You’d be forgiven for getting confused between the players. There are the manufacturers of the products, the subcontractors who used those products to cover the building and the main contractor who organised the whole renovation project. There was the organisation that managed the tower on behalf of the Royal Borough of Kensington and Chelsea and the agency it employed to manage the refurbishment. There were the consultants – fire safety experts, architects, engineers. There were the regulatory bodies charged with ensuring safety.

This multiple layering has not come from nowhere. It has grown partly out of a decades-long process of government outsourcing, from the hollowing out and stripping down of local authorities under the theory that private companies will do a given job better. This includes the part-privatisation of the building inspection regime, whereby cladding companies can organise their own fire tests. The proliferation of parties has also come from change in the building industry, under which responsibilities for aspects of construction are subdivided ever more narrowly between expanding teams of subcontractors, consultants and manufacturers.

One consequence is the unedifying Olympiad of blame-shifting to be seen in the Grenfell inquiry. “It was not Kingspan’s responsibility to determine compliance,” said their technical man, Millichap. The architects complained about both the building regulations regime and specialist advice. Outsourcing and subcontracting are supposed to manage risk, but in practice they are also about its dispersal and offloading, until it falls on people killed in their homes. For how can risk be said to have been managed when these actions led to the worst peacetime fire in at least a century?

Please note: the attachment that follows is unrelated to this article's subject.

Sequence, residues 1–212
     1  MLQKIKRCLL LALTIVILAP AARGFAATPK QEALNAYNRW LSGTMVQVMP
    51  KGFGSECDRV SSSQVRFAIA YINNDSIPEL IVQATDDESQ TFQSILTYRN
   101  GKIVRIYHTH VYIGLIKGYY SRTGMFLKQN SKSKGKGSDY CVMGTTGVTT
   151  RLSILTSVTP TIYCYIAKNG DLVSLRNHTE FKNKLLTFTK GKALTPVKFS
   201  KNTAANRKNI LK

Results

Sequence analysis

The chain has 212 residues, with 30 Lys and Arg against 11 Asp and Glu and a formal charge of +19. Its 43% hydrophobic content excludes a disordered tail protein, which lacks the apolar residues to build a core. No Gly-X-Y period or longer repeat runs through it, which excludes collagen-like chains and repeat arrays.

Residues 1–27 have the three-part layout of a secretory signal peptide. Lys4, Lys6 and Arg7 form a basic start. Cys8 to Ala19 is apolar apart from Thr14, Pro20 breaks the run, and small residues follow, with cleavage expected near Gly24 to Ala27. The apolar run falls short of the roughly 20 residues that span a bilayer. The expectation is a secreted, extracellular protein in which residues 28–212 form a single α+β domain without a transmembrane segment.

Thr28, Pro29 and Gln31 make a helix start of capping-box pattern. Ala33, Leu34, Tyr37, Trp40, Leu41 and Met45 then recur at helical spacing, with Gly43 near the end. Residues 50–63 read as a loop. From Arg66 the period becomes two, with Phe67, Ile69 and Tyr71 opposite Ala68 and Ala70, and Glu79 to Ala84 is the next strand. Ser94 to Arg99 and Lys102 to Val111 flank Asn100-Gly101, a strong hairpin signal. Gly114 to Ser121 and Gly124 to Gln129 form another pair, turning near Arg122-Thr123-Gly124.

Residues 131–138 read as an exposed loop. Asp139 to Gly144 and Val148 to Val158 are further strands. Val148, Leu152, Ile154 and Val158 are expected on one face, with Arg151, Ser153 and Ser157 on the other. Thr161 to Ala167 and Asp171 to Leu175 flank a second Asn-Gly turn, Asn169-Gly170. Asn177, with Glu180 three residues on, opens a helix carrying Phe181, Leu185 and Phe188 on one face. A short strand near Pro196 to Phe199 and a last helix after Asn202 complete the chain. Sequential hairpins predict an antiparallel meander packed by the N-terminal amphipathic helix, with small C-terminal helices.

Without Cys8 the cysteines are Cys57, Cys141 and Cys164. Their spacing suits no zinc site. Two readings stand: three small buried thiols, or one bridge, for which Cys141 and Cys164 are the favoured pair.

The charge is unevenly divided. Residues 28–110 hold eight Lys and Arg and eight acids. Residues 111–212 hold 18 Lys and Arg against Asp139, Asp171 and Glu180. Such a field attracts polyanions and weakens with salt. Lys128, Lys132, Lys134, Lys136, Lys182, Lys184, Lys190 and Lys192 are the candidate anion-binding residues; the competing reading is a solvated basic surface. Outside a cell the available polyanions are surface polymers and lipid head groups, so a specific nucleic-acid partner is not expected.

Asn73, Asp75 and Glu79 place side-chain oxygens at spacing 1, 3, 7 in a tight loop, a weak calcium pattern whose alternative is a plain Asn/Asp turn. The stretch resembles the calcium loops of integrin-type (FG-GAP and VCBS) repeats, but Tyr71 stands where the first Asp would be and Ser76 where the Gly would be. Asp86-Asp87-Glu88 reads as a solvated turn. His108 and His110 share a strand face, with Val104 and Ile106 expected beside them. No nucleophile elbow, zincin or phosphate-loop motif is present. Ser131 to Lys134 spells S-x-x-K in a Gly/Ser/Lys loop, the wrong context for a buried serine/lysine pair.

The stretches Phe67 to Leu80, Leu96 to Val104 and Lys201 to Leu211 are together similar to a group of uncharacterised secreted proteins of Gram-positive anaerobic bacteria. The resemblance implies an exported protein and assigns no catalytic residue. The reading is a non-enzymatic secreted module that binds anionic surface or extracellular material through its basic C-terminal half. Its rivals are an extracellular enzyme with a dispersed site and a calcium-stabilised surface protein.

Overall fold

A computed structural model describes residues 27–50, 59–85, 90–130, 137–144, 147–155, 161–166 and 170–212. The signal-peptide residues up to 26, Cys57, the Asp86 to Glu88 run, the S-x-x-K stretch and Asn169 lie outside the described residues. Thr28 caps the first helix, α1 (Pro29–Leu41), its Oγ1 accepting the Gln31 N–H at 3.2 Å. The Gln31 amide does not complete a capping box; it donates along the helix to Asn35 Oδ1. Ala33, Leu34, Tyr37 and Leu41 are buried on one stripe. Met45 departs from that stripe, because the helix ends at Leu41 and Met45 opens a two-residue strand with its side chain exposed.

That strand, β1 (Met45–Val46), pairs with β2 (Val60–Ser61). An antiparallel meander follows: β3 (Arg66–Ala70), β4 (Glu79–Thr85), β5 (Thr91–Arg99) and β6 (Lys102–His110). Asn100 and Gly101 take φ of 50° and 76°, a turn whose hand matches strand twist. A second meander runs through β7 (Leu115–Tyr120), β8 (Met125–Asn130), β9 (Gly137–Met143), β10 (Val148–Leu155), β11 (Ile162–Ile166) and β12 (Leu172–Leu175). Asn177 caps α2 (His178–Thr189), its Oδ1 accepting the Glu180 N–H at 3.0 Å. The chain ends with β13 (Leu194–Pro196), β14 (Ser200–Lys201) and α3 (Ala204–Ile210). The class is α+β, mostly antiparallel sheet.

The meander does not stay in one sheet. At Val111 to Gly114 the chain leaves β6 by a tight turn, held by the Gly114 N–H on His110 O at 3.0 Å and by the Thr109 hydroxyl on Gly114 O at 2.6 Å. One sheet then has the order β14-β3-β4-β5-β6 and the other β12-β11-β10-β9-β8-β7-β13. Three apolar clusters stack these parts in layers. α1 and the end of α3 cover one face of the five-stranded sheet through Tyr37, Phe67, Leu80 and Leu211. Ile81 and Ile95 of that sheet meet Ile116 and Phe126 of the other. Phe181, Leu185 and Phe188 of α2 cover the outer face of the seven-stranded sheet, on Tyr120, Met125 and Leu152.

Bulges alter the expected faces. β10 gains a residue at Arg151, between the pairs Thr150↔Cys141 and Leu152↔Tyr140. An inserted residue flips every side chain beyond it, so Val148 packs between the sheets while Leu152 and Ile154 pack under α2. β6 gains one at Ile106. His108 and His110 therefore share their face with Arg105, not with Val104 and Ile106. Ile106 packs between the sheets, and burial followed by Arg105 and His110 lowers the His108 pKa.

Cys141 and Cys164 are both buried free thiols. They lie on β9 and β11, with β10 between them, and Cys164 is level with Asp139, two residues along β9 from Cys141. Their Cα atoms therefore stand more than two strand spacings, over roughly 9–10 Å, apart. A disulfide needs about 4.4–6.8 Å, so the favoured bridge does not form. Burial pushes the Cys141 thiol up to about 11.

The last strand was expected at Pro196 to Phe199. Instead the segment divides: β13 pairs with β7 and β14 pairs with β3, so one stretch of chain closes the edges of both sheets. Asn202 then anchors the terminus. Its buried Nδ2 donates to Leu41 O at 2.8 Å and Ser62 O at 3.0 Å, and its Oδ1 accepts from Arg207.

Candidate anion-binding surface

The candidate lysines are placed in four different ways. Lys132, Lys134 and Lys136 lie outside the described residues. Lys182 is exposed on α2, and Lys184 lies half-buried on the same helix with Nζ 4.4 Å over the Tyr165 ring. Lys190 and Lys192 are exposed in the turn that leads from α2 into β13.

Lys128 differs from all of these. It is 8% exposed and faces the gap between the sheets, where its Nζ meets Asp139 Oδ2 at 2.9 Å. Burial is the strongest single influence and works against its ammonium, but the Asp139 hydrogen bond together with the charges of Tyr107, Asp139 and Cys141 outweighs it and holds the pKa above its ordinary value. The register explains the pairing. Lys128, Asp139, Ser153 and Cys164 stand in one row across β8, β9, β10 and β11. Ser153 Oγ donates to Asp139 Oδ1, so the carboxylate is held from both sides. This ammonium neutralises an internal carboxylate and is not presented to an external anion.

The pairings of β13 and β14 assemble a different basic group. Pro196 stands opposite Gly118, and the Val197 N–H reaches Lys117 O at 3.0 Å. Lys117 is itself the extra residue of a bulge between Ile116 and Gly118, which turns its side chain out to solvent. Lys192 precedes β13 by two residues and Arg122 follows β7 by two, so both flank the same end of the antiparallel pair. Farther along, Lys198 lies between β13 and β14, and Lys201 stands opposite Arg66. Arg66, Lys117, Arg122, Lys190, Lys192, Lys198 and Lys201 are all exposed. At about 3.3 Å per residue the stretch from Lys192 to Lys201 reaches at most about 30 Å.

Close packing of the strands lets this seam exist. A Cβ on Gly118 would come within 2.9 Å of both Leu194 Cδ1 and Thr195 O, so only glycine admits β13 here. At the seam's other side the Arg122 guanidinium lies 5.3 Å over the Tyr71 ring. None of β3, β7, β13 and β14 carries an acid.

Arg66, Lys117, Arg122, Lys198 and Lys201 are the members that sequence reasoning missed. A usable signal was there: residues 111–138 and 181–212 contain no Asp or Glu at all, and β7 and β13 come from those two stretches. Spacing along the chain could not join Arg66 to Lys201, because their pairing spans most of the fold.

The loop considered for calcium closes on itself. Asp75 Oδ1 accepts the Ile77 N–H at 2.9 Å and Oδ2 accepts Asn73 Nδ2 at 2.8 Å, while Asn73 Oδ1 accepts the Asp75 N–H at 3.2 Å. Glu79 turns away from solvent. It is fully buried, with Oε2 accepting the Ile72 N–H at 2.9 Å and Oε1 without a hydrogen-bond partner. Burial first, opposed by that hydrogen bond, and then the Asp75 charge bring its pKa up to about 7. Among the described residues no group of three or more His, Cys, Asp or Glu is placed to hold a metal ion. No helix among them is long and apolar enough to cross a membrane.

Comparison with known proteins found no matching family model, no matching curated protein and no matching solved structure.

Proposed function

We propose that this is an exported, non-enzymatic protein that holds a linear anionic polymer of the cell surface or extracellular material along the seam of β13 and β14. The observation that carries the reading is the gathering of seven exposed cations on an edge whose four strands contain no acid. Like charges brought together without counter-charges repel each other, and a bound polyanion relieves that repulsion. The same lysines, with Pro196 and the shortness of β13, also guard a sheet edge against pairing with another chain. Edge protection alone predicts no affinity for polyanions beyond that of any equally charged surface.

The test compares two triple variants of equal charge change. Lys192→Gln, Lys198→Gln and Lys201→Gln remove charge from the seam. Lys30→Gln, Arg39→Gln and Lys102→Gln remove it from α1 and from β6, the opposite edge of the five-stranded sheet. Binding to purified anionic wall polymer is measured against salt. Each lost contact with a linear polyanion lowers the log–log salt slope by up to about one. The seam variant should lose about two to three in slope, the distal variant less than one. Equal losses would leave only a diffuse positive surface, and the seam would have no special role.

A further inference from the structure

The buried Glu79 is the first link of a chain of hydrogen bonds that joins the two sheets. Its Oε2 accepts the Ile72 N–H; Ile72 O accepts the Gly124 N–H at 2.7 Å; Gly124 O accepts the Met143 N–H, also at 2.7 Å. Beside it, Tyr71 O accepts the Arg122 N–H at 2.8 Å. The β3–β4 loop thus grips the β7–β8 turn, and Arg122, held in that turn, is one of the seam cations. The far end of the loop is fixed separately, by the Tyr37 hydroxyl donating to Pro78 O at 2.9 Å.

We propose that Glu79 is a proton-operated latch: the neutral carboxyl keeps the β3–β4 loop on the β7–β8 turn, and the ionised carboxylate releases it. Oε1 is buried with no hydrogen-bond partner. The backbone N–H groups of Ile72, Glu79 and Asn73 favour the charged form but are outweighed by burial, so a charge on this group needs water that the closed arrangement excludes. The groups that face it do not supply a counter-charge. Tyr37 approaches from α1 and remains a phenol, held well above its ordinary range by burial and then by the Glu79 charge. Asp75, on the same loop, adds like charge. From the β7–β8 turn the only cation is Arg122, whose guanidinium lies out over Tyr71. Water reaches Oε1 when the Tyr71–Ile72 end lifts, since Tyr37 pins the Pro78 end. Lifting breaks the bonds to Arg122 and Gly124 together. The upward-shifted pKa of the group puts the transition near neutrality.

And if the public sector can lose touch with its consumers, the same is no less true of the companies to which work is outsourced. Their primary skills are not necessarily in the quality of their management or products, but in their abilities to drive down costs, navigate procurement processes and manipulate regulations. They become remote from the physical and human consequences of their actions.

This year, we have seen the extraordinary spectacle of the government’s response to Covid-19. Objectives are announced – for procuring protective gear, for organising testing – and contracts handed out to companies whose expertise in these fields is hazy. Then, sometimes, nothing or little happens. The gear and the testing just don’t show up in usable form. It appears impossible to get things done.

While it is too soon to know everything that is going on with the Covid response, it is a good guess that the mania for outsourcing and privatisation played a role. In which case the Grenfell disaster was not only an outrage in itself but also a sign of something still bigger, a new kind of grand national incompetence.

Rowan Moore is the Observer’s architecture critic